Editor’s note: This article is part of a year-long project about aging well, planning for the changes that aging brings and shaping how society thinks about aging.
While writing my book With a Little Help from Our Friends — Creating Community as We Grow Older, I discovered a surprising array of purpose-built communities made up of people who share common ideas, backgrounds or interests. Also known as niche or affinity communities, such places appeal to those who wish to live among their “tribe.”
Take those boomers who were part of the “back to the land” movement in the early 1970s. They can now put down roots on an organic farm, such as the multigenerational Nubanusit cohousing community in New Hampshire.
Others itching to explore their creativity can move to an affordable senior artist colony in southern California. In Florida, serious star-gazers share telescopes at Chiefland Astronomy Village. ShantiNiketan (“abode of peace” in Sanskrit), also in Florida, is a gated retirement community for immigrants from India, offering traditional food, prayer rooms and celebrations of Indian holidays.
Some niche communities formed over the years did not survive the recession. But the number of these types of places is now expected to grow, along with the number of boomers transitioning to a new phase of life.
Tim Carpenter, executive director of the nonprofit EngAGE, based in southern California, is actively developing new affordable senior artist colonies around the country. The arts represent just one niche Carpenter imagines. For himself, he dreams of creating a community based on wellness — with neighbors who are enthusiastic hikers, cyclists, organic gardeners and fabulous cooks of wholesome fresh food.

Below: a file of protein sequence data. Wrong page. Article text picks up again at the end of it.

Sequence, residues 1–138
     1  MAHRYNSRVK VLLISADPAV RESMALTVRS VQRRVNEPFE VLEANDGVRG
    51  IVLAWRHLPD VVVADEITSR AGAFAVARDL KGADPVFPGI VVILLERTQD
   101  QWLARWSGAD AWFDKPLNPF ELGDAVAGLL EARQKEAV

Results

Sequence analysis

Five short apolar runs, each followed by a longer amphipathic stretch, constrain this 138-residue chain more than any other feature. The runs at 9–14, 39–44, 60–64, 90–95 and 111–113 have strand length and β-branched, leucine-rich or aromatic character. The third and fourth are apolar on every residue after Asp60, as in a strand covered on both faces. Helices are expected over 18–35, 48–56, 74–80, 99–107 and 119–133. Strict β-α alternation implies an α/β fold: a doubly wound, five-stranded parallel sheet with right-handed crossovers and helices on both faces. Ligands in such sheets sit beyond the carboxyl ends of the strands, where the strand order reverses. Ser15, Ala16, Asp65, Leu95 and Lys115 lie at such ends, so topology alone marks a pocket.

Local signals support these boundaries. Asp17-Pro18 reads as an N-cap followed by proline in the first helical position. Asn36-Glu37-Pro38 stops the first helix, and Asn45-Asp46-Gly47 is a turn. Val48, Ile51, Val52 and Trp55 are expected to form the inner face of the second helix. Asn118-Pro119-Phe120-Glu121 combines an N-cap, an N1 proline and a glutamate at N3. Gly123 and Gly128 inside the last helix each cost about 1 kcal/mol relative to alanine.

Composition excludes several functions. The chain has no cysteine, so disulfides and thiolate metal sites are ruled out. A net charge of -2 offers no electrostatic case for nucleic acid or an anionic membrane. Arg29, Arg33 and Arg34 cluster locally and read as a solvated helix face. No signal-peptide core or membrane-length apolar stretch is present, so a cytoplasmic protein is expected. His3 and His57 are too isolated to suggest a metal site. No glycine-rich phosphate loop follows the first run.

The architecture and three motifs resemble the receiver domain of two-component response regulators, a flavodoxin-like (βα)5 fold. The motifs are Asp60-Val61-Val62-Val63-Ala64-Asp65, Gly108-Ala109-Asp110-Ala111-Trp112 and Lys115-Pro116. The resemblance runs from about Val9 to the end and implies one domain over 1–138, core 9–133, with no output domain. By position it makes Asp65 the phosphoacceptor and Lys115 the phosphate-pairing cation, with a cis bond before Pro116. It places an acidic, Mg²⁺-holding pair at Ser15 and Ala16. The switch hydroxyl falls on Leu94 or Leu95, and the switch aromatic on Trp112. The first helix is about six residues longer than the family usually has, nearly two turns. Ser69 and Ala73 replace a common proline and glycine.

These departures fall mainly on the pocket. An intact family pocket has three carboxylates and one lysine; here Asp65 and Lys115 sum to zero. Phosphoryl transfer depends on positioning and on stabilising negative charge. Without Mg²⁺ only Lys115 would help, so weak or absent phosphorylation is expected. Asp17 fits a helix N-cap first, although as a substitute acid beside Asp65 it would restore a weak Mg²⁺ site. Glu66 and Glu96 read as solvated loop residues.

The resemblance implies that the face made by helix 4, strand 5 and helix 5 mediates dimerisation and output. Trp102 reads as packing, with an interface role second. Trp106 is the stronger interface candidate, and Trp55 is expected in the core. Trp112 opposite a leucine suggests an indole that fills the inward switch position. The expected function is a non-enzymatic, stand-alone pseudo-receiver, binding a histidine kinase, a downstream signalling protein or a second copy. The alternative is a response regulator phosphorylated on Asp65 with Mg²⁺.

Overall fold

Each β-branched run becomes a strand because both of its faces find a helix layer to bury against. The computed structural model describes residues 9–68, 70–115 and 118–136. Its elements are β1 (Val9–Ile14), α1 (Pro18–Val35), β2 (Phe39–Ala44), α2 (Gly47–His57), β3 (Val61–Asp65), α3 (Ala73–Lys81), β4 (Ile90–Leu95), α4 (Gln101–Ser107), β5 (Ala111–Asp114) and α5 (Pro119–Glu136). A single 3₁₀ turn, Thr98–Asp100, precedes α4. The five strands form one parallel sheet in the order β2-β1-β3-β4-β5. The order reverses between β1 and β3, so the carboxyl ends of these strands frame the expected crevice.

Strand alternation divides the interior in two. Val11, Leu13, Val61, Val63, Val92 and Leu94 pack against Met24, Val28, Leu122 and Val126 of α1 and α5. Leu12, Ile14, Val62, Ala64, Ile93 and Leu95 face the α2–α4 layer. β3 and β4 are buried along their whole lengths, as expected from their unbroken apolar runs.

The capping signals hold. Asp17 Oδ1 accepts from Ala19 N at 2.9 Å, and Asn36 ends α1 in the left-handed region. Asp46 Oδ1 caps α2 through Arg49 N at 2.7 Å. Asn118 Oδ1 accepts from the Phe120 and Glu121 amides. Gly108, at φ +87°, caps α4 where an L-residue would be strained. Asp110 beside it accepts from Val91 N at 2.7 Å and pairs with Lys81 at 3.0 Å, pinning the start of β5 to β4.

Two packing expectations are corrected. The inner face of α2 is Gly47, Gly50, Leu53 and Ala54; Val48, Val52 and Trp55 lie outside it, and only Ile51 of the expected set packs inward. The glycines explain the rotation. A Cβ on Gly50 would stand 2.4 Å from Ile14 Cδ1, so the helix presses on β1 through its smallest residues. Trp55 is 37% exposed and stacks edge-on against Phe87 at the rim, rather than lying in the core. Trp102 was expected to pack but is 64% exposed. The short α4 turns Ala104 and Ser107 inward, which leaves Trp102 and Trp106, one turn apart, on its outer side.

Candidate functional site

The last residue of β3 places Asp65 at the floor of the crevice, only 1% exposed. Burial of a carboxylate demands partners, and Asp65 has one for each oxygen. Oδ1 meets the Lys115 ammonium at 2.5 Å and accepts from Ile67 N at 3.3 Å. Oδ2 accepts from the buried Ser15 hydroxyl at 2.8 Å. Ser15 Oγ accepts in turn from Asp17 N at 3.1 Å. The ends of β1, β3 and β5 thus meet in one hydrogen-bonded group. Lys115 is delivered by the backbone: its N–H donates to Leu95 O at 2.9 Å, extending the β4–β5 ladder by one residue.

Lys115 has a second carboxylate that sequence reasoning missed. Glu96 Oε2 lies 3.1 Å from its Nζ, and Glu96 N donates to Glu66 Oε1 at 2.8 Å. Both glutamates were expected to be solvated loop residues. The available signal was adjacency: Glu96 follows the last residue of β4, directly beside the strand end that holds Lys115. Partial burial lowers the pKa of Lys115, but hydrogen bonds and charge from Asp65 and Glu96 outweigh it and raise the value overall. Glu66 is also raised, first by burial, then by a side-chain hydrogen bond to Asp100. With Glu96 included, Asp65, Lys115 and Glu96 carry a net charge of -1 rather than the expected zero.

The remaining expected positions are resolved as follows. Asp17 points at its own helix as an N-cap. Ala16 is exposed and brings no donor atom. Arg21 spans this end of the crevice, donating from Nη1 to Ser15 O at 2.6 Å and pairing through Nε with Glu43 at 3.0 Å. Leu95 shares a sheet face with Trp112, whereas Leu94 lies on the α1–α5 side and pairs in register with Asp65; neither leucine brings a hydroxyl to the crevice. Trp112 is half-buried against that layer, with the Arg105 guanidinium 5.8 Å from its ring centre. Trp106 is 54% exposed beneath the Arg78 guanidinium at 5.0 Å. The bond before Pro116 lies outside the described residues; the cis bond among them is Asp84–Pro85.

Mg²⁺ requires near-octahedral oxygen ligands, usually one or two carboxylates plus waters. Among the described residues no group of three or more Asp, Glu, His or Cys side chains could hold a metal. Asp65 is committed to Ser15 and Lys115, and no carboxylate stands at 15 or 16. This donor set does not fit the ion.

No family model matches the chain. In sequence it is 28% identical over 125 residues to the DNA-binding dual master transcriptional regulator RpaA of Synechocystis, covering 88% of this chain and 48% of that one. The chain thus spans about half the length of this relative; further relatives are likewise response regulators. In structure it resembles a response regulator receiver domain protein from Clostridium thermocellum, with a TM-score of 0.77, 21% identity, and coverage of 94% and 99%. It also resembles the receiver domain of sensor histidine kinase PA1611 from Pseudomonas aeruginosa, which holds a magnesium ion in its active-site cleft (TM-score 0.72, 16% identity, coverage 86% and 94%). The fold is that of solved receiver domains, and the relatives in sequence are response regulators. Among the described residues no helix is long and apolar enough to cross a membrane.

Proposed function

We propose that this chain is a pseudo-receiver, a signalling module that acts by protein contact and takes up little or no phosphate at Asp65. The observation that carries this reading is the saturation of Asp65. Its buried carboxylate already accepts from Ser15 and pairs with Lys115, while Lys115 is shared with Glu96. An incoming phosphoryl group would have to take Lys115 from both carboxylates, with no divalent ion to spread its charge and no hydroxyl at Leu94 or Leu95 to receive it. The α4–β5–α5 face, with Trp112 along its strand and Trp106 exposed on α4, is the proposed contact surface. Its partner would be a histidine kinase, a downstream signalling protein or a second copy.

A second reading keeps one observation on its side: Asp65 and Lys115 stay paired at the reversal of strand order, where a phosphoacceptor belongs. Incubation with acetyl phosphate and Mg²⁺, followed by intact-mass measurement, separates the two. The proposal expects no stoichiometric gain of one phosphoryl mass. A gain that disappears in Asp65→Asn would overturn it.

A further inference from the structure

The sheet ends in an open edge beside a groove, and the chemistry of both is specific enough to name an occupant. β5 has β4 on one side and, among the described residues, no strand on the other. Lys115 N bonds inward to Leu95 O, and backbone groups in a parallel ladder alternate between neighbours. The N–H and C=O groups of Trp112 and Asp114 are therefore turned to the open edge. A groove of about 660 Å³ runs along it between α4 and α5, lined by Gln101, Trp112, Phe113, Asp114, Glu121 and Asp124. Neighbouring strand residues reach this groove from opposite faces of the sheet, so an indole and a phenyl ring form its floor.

“What’s the ideal community?” Carpenter asks. “You can walk next door and know you have something in common with this person. You have a fused passion.”
Here is a closer look at three of the many diverse communities built with fellow travelers in mind, providing a glimpse into how they are structured:
1. Your RV Or Mine? The nonprofit Escapees CARE Center in Livingston, Texas, serves die-hard recreational vehicle (RV) enthusiasts who can no longer hit the road, due to illness or disability. These full-time RVers have no other home but the one on wheels. By moving to Escapees CARE Center, they can remain in their RV, with affordable services on site.
RVers are a breed apart. “They are a very welcoming community,” says Escapees CARE Center Executive Director Russ Johnson. “You come together in these different campgrounds. It’s easy to get together and talk about the places where we’ve been and where we’re going and help each other out as far as what we’re trying to accomplish.”
Escapees CARE (Continuing Assistance for Retired Escapees) has two programs: Adult day services for RVers and the wider Livingston community (including for those with dementia) and “assisted living lite” for those who live onsite in their RVs and need some help. The adult day services cost $36 a day and include some nursing and personal care assistance. As for those who live in their RVs on site, the cost is $874 a month ($1,311 for a couple); residents get three meals a day, laundry, housekeeping, transportation to medical appointments, and other home maintenance services.
The community also offers weekly grocery trips and regular bus outings to the movies, a nearby lake, restaurants and plays.